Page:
Evan Brand: Yeah. And it’s always a little bit of a seesaw, right. Like when you say it like that, it sounds so easy. It’s like take lymph. Take Lemp support. IRBs take liver support. IRBs take glutathione and you’ll be in good shape. But the truth is, when we’re working with people, it’s highly individualized because depending on how long you’ve been sick, depending on how many layers you have to your illness or your symptoms, you may not be able to handle it. For example, if I do too much glutathione, I feel bad. But if I do none, I feel bad. So I think of it like it’s like a tightrope is kind of my analogy. So it’s like if you do nothing, you fall off the tightrope to the left and you’re symptomatic. If you have it dialed in perfectly for you, you’re walking the tightrope to the finish line. But if you do too much, you fall off the other side. And so like as people get better when we’re doing follow up calls, we may be tweaking the dose. Whereas before they could only handle 2 capsules of a liver support complex with milk thistle and beet powder and artichoke and all that. But now they can handle four capsules. And so it’s not where we want you to just like go to Whole Foods, buy a liver supplement and expect it to make all your problems go away with your skin. You’ve really got to have a coordinated plan. And as you get better or as you get worse or new stressors come in, you’ve got to back the dosing down. So like for me, when I was going through gut work, if I was really stressed, I couldn’t handle the full dose of anti parasitic IRBs. I had to cut it in half. And then when I was less stressed, like you and I talk about this idea of like do things on a weekend when you’re not a stress and try supplements, it’s the same concept with this other of the detox pathways.
Dr. Justin Marchegiani: One hundred percent. So it’s pushing catch, right. Push, meaning we’re stressing potentially stressing out already talk system through various killing and then catching is we’re eliminate we’re supporting our lymph ah detox, our phase one, our phase two to and making sure we’re actually having regular bowel movements. We’re making sure all these things are happening so we can eliminate things. And when we talk about binders, binders aren’t perfect. Imagine you have a whole bunch of iron filings on the table and I just take a magnet and I just kind of pull it through. Will the magnet grab every single iron filing there? No, there’s going to be some stragglers. Right. But it’s going to grab a good chunk. So think of that as like charcoal or bentonite clay or activated charcoal or zehle light or citrus, packed ends or corella, whatever binder we use for whatever that iron filing is, there’s got to be some debris left behind. That’s why we want to do multiple doses the day and we want to taper up. So we’re not overwhelming our system with too many iron filings, so to speak. The iron filings be being reminiscent of the debris that’s left behind.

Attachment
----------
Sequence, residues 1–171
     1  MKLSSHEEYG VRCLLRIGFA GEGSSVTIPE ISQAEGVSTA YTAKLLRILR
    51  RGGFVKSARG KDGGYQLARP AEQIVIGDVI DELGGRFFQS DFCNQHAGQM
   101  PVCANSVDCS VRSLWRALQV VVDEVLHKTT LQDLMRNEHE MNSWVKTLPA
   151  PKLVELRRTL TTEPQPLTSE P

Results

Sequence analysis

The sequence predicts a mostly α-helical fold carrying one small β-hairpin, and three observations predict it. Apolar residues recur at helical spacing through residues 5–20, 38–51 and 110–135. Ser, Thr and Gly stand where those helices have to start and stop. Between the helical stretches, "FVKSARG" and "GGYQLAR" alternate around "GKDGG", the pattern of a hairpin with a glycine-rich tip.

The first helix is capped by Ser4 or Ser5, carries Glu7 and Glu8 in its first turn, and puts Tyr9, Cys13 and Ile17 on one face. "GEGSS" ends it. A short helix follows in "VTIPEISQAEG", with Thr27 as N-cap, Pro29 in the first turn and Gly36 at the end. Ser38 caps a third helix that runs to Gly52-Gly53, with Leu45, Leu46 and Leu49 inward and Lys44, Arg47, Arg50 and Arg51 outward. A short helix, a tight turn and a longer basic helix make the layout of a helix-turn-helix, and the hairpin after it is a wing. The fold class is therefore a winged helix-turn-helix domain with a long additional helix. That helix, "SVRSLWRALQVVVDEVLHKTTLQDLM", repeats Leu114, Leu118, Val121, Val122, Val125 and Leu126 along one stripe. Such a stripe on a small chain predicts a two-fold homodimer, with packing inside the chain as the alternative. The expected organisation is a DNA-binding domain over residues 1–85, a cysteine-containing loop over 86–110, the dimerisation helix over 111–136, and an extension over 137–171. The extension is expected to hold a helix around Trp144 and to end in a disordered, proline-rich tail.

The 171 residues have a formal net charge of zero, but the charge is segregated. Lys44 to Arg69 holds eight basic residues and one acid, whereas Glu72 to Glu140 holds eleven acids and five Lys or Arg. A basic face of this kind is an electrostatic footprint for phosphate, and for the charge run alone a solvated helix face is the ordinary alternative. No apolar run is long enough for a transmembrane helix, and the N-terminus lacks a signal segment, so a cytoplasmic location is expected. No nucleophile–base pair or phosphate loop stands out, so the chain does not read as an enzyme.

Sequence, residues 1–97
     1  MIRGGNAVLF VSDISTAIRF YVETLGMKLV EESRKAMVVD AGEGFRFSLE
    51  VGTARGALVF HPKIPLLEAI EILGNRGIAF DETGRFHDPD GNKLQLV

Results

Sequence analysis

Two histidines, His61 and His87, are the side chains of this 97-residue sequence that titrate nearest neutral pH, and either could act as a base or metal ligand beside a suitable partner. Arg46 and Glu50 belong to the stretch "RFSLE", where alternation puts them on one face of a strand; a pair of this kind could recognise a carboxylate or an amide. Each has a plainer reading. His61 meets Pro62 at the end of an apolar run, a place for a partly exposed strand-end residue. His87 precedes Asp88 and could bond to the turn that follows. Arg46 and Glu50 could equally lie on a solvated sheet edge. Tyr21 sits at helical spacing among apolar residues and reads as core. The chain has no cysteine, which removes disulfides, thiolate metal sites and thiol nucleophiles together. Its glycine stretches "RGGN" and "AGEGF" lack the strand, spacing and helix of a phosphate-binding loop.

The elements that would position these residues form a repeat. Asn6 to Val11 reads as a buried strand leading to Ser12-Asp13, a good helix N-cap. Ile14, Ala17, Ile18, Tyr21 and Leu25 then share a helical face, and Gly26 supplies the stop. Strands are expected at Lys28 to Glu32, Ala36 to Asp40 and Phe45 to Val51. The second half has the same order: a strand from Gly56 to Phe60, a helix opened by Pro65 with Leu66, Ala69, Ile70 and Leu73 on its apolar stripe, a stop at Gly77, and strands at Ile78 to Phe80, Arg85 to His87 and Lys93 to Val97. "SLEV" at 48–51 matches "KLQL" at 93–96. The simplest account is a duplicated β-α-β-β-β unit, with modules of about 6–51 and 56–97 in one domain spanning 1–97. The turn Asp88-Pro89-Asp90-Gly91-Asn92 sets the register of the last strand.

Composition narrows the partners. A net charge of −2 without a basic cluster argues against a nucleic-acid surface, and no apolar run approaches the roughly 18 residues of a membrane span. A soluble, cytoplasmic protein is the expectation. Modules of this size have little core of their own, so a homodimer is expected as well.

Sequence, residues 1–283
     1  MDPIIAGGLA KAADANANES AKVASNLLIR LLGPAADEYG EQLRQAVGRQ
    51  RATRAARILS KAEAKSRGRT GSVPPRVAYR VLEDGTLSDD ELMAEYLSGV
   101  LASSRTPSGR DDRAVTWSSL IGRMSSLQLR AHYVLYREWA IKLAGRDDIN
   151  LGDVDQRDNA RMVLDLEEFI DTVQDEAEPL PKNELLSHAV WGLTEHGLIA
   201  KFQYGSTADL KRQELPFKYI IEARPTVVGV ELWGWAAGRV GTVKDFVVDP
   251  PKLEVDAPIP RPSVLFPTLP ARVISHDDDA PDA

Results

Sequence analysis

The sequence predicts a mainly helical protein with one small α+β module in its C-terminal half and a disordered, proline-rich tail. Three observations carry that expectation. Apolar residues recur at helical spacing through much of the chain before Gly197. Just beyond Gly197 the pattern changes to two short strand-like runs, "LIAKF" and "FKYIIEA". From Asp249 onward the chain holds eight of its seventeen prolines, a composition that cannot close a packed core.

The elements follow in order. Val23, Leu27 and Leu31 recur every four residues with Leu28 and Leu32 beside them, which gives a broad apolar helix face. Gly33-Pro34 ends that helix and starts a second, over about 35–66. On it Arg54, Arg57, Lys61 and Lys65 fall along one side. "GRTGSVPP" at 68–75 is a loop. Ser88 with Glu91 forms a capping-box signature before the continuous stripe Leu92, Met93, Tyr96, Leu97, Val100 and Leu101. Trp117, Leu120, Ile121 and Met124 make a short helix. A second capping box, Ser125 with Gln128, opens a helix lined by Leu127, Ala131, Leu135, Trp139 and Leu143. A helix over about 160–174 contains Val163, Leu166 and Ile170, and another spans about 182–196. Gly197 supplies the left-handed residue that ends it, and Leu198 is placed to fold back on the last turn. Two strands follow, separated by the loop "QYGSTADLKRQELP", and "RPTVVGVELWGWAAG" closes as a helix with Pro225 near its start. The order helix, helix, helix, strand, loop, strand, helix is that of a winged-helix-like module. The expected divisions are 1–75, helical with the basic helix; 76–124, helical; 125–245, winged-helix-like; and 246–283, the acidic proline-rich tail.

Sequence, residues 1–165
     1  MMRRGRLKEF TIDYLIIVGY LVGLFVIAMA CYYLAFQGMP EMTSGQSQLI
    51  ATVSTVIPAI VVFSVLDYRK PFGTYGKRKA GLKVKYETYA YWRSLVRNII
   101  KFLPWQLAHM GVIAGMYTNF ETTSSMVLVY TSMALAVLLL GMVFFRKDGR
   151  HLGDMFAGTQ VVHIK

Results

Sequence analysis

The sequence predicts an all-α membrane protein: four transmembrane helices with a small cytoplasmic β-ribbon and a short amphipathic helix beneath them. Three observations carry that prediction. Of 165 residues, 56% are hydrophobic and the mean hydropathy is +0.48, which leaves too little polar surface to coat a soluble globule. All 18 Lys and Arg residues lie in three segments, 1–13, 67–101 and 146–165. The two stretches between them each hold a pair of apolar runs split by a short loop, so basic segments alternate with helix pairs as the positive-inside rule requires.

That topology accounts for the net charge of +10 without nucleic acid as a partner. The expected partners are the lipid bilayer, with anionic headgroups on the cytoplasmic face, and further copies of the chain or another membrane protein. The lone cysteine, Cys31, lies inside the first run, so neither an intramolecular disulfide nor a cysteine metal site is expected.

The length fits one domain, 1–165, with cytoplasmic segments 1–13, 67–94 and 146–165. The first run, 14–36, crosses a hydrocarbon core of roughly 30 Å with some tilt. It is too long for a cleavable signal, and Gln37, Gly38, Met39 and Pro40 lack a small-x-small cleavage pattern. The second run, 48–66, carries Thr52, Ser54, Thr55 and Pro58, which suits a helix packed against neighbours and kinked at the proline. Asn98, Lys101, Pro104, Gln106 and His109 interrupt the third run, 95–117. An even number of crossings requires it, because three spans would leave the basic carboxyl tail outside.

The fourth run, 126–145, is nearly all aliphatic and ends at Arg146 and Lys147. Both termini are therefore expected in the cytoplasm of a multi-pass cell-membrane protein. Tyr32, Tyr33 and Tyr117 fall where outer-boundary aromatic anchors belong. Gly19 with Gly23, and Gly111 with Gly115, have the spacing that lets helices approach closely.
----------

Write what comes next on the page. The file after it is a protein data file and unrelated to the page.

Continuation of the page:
Evan Brand: Yeah. So just to say it the other way, you can make yourself worse by doing too much. Binder’s right. It sounds really sexy. Let’s bind to the toxin. I mean, it’s going to take tons of charcoal. Mm hmm. I made myself worse. I was doing like six caps. A child. You couldn’t hold more things out. You could pull more things, that’s why we taper into everything. Yeah, I did like six capsules of charcoal for a while and I felt amazing. I was like a new man. And then I went up more like eight or 10 capsules a day and it was too much.
Dr. Justin Marchegiani: I got to remember, you call me that night. You’re like, man, I’m feeling really dizzy. And.
Evan Brand: I think that might have been the day I did a double dose of glutathione.
Dr. Justin Marchegiani: That was good. And you’re right. I think I talk all about maybe doing more charcoal to counteract that. Yeah. I remember the charcoal.
Evan Brand: Same thing, though. I like in that situation, charcoal was the remedy. But before charcoal was the was the provocation, if you will. It was the bad guy because I did too much in my analogy of that. One is like you have a bad girlfriend and you’re kicking her out of the house. And so she’s like taken the pictures off the wall and throwing them down the hallway like there’s this collateral damage of you kicking her out. Same thing with the toxin when you’re dragging the toxin out, especially if you have a permeable gut barrier. I think if it is like these toxins reabsorbed back into the bloodstream, like the goal is pull them through the intestinal tract. But if the intestinal tract is compromised, you’re gonna have re absorption. So I can’t prove this 100 percent. But my theory and thought on this is that if your gut barrier is in better shape, we measure the secretory IGA. The gut is less leaky or not leaky, hopefully. And theoretically Binder’s would be more tolerated versus someone where we see a super leaky gut. Binder’s may make them worse. They may need to titrate very slowly. What do you think? What’s your thoughts on that?